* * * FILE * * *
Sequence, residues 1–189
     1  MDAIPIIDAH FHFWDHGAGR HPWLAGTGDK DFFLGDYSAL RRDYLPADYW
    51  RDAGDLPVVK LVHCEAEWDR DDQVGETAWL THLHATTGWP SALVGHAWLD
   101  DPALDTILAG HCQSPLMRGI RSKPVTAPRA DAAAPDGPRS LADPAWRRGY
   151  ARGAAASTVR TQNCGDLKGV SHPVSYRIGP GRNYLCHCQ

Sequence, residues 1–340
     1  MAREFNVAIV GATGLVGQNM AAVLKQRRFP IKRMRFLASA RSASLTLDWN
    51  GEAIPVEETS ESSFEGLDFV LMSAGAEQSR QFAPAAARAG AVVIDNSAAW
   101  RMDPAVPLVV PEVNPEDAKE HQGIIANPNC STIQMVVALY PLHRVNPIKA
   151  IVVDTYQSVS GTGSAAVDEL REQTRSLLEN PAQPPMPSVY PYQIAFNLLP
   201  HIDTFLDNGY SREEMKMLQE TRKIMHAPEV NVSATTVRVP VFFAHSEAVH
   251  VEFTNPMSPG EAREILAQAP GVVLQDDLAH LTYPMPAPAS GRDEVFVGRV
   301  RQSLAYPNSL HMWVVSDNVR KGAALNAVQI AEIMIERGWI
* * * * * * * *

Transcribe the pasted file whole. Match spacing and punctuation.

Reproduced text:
Sequence, residues 1–189
     1  MDAIPIIDAH FHFWDHGAGR HPWLAGTGDK DFFLGDYSAL RRDYLPADYW
    51  RDAGDLPVVK LVHCEAEWDR DDQVGETAWL THLHATTGWP SALVGHAWLD
   101  DPALDTILAG HCQSPLMRGI RSKPVTAPRA DAAAPDGPRS LADPAWRRGY
   151  ARGAAASTVR TQNCGDLKGV SHPVSYRIGP GRNYLCHCQ

Sequence, residues 1–340
     1  MAREFNVAIV GATGLVGQNM AAVLKQRRFP IKRMRFLASA RSASLTLDWN
    51  GEAIPVEETS ESSFEGLDFV LMSAGAEQSR QFAPAAARAG AVVIDNSAAW
   101  RMDPAVPLVV PEVNPEDAKE HQGIIANPNC STIQMVVALY PLHRVNPIKA
   151  IVVDTYQSVS GTGSAAVDEL REQTRSLLEN PAQPPMPSVY PYQIAFNLLP
   201  HIDTFLDNGY SREEMKMLQE TRKIMHAPEV NVSATTVRVP VFFAHSEAVH
   251  VEFTNPMSPG EAREILAQAP GVVLQDDLAH LTYPMPAPAS GRDEVFVGRV
   301  RQSLAYPNSL HMWVVSDNVR KGAALNAVQI AEIMIERGWI